Biomarkers are measurable changes associated with physiological or pathophysiological processes. Urine accumulates systematic changes in the body and thus is an ideal sample source for biomarker research. In this study, we performed urinary biomarker discovery in glioma patients using LFQ and PRM-based targeted proteomics quantification. Our results showed that brain disorders could be reflected in the urine and that urine proteins could be used for glioma detection.
In the biomarker discovery phase, the levels of 27 urinary proteins were significantly changed after brain tumor removal. Of these DEPs, several have been reported to be associated with gliomas in previous studies, such as ANXA7, CALR, CD276, PIGR, CTSD, CRYAB, ASAH1, BGLR, and CEACAM1. For example, ANXA7 is a tumor suppressor protein. The expression of this protein is decreased in glioma tissues, and its degradation may contribute to glioma progression . Moreover, loss of ANXA7 is associated with prognosis in glioblastoma patients, and ANXA7 is a strong predictor of patient outcome [33, 34]. Additionally, lower CALR levels have been observed in glioma tissues than in normal brain tissues, and CALR expression is correlated with glioma grade and patient survival . CD276 antigen has been reported to be upregulated in high-grade glioma. The expression of this protein correlates with malignancy grade in gliomas and with poor patient survival [22, 35]. Additionally, expression of PIGR has been identified as a novel predictor of poor glioma patient prognosis after surgical resection . CTSD has been identified as an important protein related to glioma invasion . Biomarkers can be used to predict the prognosis and evaluate the treatment response of glioma patients . These DEPs have potential clinical applications for aiding in the initial diagnosis of gliomas, early recognition of tumor recurrence and monitoring of treatment efficacy. As urinary proteome could be affected by some factors, such as gender, aging, exercise, and smoking. Therefore, the self-controlled method is suitable for clinical study and meets the requirements of urine biomarker research to remove interference.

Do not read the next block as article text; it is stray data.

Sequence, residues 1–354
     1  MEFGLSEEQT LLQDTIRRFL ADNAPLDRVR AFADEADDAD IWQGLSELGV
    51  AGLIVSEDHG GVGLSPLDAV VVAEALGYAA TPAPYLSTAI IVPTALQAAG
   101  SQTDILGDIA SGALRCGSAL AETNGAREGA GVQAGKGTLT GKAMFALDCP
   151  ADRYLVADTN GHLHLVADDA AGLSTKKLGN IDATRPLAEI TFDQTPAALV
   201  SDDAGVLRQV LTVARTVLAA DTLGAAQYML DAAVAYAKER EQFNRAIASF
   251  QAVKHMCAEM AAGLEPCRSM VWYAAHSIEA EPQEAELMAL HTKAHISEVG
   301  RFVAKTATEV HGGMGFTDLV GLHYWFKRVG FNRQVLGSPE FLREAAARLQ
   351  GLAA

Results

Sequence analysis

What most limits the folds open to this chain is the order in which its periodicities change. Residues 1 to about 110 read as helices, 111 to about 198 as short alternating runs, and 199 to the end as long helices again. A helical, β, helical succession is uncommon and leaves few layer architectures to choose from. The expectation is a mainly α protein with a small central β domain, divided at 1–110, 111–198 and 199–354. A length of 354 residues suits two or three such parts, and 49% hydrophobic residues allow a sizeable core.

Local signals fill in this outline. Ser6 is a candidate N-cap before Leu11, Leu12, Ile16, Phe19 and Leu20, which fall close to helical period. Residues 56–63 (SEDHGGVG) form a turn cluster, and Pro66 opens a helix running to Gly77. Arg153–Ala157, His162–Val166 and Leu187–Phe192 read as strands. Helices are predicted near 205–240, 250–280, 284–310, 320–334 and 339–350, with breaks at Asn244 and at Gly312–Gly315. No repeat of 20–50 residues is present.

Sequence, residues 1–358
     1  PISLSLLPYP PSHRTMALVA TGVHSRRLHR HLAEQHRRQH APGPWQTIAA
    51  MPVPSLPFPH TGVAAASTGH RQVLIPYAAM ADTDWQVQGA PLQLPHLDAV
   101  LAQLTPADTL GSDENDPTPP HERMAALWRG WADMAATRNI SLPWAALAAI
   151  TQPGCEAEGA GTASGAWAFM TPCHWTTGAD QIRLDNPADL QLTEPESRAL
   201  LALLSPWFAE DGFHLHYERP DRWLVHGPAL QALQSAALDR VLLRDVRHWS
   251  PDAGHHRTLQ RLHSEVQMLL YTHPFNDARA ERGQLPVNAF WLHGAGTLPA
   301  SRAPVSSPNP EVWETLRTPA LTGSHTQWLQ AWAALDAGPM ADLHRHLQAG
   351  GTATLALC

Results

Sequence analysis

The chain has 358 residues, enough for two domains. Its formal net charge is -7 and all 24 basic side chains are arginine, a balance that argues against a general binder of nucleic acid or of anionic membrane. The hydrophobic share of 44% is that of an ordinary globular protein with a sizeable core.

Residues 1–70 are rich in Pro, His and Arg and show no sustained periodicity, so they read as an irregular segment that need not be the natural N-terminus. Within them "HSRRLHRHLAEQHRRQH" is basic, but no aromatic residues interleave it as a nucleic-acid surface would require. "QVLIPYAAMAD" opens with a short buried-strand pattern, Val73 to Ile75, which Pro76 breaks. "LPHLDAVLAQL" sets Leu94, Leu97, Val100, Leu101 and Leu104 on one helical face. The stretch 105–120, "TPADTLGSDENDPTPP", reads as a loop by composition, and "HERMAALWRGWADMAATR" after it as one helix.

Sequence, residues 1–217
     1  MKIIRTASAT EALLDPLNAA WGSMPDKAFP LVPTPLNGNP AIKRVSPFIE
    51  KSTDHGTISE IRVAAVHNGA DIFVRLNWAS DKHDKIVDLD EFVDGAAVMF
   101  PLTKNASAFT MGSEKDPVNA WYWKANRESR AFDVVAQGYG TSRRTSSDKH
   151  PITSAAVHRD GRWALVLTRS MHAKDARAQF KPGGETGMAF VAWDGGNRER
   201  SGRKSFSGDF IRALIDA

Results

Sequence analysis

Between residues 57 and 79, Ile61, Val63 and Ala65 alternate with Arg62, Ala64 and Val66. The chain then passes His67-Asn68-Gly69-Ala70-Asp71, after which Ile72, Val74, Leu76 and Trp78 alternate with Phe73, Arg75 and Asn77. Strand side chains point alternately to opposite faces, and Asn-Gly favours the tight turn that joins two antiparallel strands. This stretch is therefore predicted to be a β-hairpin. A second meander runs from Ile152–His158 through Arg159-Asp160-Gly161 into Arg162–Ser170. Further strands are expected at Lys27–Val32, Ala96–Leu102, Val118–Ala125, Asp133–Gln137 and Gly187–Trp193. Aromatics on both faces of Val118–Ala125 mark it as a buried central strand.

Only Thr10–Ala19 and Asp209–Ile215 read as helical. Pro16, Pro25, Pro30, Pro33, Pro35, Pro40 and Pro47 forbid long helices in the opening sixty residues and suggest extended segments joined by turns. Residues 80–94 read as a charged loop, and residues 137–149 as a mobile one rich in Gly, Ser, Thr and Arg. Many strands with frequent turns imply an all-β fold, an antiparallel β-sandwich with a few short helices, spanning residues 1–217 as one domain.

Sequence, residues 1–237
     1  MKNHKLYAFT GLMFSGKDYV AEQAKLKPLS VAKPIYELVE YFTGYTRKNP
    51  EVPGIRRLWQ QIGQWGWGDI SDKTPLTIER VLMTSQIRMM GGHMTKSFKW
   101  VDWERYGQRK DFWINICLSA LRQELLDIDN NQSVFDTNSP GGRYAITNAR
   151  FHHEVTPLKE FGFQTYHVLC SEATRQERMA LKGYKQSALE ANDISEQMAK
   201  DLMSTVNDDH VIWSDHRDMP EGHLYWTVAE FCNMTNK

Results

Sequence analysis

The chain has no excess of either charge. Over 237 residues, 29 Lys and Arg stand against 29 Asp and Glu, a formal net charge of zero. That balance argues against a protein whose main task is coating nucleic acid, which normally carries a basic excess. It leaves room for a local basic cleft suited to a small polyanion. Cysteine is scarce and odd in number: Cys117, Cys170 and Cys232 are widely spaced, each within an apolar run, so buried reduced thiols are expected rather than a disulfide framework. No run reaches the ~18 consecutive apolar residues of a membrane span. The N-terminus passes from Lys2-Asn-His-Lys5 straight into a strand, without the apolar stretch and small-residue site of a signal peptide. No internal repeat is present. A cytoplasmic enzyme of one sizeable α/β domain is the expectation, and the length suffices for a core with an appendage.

After functional analysis of DEPs identified by LFQ, several important biological processes were significantly enriched, such as autophagy and angiogenesis. Autophagy is involved in tumorigenesis, and it is reportedly enhanced in glioma compared to normal brain tissue . Moreover, blockade of autophagy has been proposed as an alternative therapeutic option for gliomas. In our study, five differential proteins involved in the autophagy process were significantly changed, including CTSD, NAPSA, LAMP1, LAMP2, and ANXA7. In addition, gliomas are characterized by abundant angiogenesis, and glioma progression is accompanied by extensive neovascularization . Antiangiogenic therapy is also a promising approach to treat glioma and several anti-angiogenic agents have been used for target treatment of glioma [38, 39]. Several of the DEPs identified in this study are involved in angiogenesis, such as CEACAM1, AMPE, AMPN, and PCP. Thus, these proteins might be potential therapeutic targets for gliomas.
In the biomarker validation phase, some promising proteins were used for PRM-based targeted quantification. It was observed that urinary AACT and GELS were significantly upregulated in glioma patients compared to healthy controls, whereas urinary TSP4, MDHM, RINI, CALR, TENA, LEG1, and AHSG were significantly downregulated in glioma patients compared to healthy controls. Interestingly, AACT, GELS, TENA, LEG1, and AHSG had been reported as potential CSF or blood biomarkers of gliomas [40,41,42,43,44], which indicates the validity of our results. Moreover, we found these proteins could also serve as urinary biomarkers for noninvasive detection of gliomas. To obtain the best diagnostic performance, we plotted the ROC curves of different protein combinations. ROC curve analysis showed that the combination of six urinary proteins (AACT, TSP4, MDHM, CALR, LEG1, and AHSG) can effectively discriminate the gliomas patients from healthy controls with the AUC of 0.952. Interestingly, AACT, LEG1, and AHSG are blood or CSF biomarkers of gliomas [40, 43, 44], and CALR is correlated with glioma grade and patient survival .
Compared to other bodily fluids (CSF and blood), urine has been largely ignored during biomarker discovery for brain diseases. The reason may be that urine is located far from the brain, which could raise doubt as to whether pathological changes in the brains will be detected in the urine. Moreover, investigations of gliomas by using urinary proteomics have been rarely reported. In this study, using LFQ and PRM proteome quantification, we identified candidate urinary protein biomarkers with the potential to detect gliomas. Our results also suggested that brain disorders could be reflected in human urine and that urine proteins could be used to distinguish different brain diseases. However, a larger number of clinical urine samples from multi-center patients are needed to verify the specific protein pattern as biomarkers for gliomas detection.
As urine can be collected noninvasively, it is easy to repeatedly collect urine sample from the same individual for longitudinal studies. Thus, in future studies, urine samples can be collected at multiple time points for early diagnosis, early recognition of tumor recurrence, or monitoring of therapeutic efficacy in glioma patients.